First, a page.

Presentation on theme: "Real-time concepts Lin Zhong ELEC424, Fall 2010. Real time Correctness – Logical correctness – Timing Hard vs. Soft – Hard: lateness is intolerable Pass/Fail."— Presentation transcript:
Real time Correctness – Logical correctness – Timing Hard vs. Soft – Hard: lateness is intolerable Pass/Fail courses – Soft: lateness can be tolerated but penalized Regular courses 2 Non real-timeSoft real-timeHard real-time
Example real-time systems Hard real-time systems – Target acquisition system on jet fighters – Electronic engine control unit Fuel injection Ignition timing – Anti-lock braking system (ABS) – Air traffic control – Reservation system ……… 3
Example real-time systems Soft real-time system – Media player – WiFi interface card 4
Model of a system 5 Execution of tasks Arrival of requests Key question Can the system finish the requests in time? (Feasibility analysis)
Key variables Execution of requests – Predictability Probabilistic distribution of execution time – Range: Worst case execution time Arrival of requests – Predictability Probabilistic distribution of arrival intervals – Range: worst case 6
Tasks: unit of scheduling OS-based real-time system – Process, threads OS-less real-time system – Interrupt handlers Periodic vs. Aperiodic 7
Model of a system 8 Execution of tasks Task 2 Task 1 Feasibility analysis
Assumptions There are multiple tasks – t i, i=1,…,m Tasks are periodic – T i – Each occurrence is called a request Execution time for each task is known – C i Pre-emptive Tasks are prioritized Task switching is instant 9 Liu, C. L.; Layland, J. (1973), "Scheduling algorithms for multiprogramming in a hard real-time environment", Journal of the ACM 20 (1): 46–61
Definition of feasibility 11 C1C1 Pre-empted T1T1 T2T2 C2C2 Task 1 Task 2 Every request of every task is finished before the next request of the task
Feasibility analysis 12 Given a set of tasks, how do we know if a feasible scheduling exists? Sufficient condition Necessary condition
Fixed priority scheduling Each task has a fixed priority Rate monotonic scheduling (RMS) – Higher request rate (1/T) Higher priority 13
Theorem of RMS optimality A scheduling of a set of tasks is feasible if deadlines of all requests are met Given a set of tasks, If a feasible scheduling exists, the rate-monotonic scheduling is feasible RMS is the best in terms of feasibility – Give high priority tasks to high-rate tasks 14
Feasibility analysis 15 Given a set of tasks, how do we know if a feasible scheduling exists? Sufficient condition Necessary condition Given a set of tasks, how do we know if the RMS is feasible?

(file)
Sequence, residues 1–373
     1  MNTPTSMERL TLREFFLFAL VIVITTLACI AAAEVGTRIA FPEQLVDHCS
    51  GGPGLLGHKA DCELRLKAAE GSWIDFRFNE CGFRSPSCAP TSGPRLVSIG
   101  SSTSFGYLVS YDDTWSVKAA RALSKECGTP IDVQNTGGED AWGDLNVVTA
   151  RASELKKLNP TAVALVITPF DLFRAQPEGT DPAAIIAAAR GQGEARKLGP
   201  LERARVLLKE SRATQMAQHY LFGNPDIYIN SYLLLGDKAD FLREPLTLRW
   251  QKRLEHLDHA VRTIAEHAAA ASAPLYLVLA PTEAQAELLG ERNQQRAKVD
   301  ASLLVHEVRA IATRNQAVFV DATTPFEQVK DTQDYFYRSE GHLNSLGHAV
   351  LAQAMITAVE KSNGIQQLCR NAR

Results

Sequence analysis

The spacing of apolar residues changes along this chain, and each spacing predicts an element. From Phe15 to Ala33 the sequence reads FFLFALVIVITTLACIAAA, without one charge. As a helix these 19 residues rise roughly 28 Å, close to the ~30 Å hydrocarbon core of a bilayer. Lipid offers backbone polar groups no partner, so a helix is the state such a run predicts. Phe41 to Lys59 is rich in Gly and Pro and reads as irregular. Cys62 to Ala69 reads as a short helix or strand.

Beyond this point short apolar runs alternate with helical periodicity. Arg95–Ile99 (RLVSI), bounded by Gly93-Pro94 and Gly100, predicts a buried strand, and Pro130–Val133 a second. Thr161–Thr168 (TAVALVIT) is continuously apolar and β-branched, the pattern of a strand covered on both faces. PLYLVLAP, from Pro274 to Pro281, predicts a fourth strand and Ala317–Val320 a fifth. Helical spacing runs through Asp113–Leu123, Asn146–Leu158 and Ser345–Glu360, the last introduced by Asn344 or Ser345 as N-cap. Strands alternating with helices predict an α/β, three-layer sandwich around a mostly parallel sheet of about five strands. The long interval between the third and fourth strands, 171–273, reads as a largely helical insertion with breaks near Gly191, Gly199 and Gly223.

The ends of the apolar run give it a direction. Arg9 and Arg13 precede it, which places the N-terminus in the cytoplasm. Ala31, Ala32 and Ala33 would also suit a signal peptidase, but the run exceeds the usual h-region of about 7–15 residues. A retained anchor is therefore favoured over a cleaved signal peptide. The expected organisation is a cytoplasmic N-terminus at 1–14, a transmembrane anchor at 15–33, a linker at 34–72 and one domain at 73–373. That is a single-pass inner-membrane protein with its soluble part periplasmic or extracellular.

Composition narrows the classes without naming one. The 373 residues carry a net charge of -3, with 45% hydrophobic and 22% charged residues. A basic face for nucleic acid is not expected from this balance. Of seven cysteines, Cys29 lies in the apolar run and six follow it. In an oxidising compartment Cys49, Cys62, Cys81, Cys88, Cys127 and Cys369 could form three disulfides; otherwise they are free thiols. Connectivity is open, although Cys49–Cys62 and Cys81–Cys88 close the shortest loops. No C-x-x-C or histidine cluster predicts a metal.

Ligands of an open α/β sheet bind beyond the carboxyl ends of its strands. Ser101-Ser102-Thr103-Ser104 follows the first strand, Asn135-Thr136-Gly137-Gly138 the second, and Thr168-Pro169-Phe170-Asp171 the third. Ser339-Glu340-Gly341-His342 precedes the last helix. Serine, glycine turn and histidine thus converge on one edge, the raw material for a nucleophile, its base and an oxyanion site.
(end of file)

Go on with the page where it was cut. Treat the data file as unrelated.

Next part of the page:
Necessary condition Utilization of a system=(busy time)/(total time) Utilization factor for a set of tasks – UF =Σ(C i /T i ) Necessary condition of feasibility – UF≤1 16 Can we make the bound for necessary condition smaller?
Sufficient condition Theorem: if UF ≤ m(2 1/m -1), the set of tasks are feasible – m(2 1/m -1) ln(2)≈0.69 The bound is TIGHT – There exists infeasible sets whose UF m(2 1/m -1) The opposite is NOT true – Average real utilization factors of feasible sets is about 88% Theorem: if ∏(C i /T i +1) ≤2, the set of tasks are feasible – Less pessimistic 17 Enrico Bini, Giorgio C. Buttazzo, Giuseppe M. Buttazzo, "Rate Monotonic Analysis: The Hyperbolic Bound," IEEE Transactions on Computers, vol. 52, no. 7, pp. 933-942, July, 2003.
Dynamic priority scheduling Earliest deadline first (EDF) – Higher priority to requests with earlier deadline The sufficient and necessary condition of feasibility – UF≤1 18
Assumptions There are multiple tasks – t i, i=1,…,m Tasks are periodic – T i – Each occurrence is called a request Execution time for each task is known – C i Pre-emptive Tasks are prioritized Task switching is instant 19 ?
Synchronization (Contd.) 22 Critical section – Section of code that access a shared resource that must not be concurrently accessed by more than one thread of execution Atomic operation – A set of operations that appears to be one to the system System state change due to the operations invisible until all the operations are successful If any of the operations fails, the entire set fails; and no change to the system state – Assembly instruction – Disable interrupt
Lock implementation Lock() and unlock() must be atomic – A bit – Lock() Disable interrupt check if the bit is set if not, set it and enable interrupt; else enable interrupt and wait; – Unlock() Disable interrupt unset the bit; Enable interrupt 24
Lock implementation (Contd.) Lock() – Disable interrupt – check if the bit is set – if not, set it and enable interrupt; – else enable interrupt and wait; Spinning – Keep on calling lock() Block – Sleep – The OS checks the bit and wake the blocked thread up to call lock() 25
Lock implementation (Contd.) Task 1 – Lock(); A accelerometer; – B A; – Unlock(); Task 2 – Lock(); If(A!=B[0) exit; unlock(); 26 Why don’t we simply replace lock() with disable_interrupt and unlock() with enable_interrupt?
Programming primitives Semaphore – A data structure for lock – Allow multiple access to the data structure Mutex – Binary semaphore Usually blocking 27
Problems with locks Priority inversion – A low-priority task has the lock but has been pre- empted by a high-priority one Deadlock – Two tasks each are holding a lock that is needed by the other Convoying – Multiple threads with equal priority contend for the same lock Too many context switches 28
Transaction memory Transaction – A series of speculated operations – Commit or abort Implementation – Hardware – Software 29 Herlihy, M. and Moss, J. E. 1993. Transactional memory: architectural support for lock-free data structures. SIGARCH Comput. Archit. News 21, 2 (May. 1993), 289-300 WWW
OS-less real-time system Latency in interrupt handling – Predictable Arrival of interrupts – Predictable (Periodic) – Unpredictable (Aperiodic) Any statistics? Worst case? 30 TimerA() USARTRX() Interrupt handlers System idle Interrupt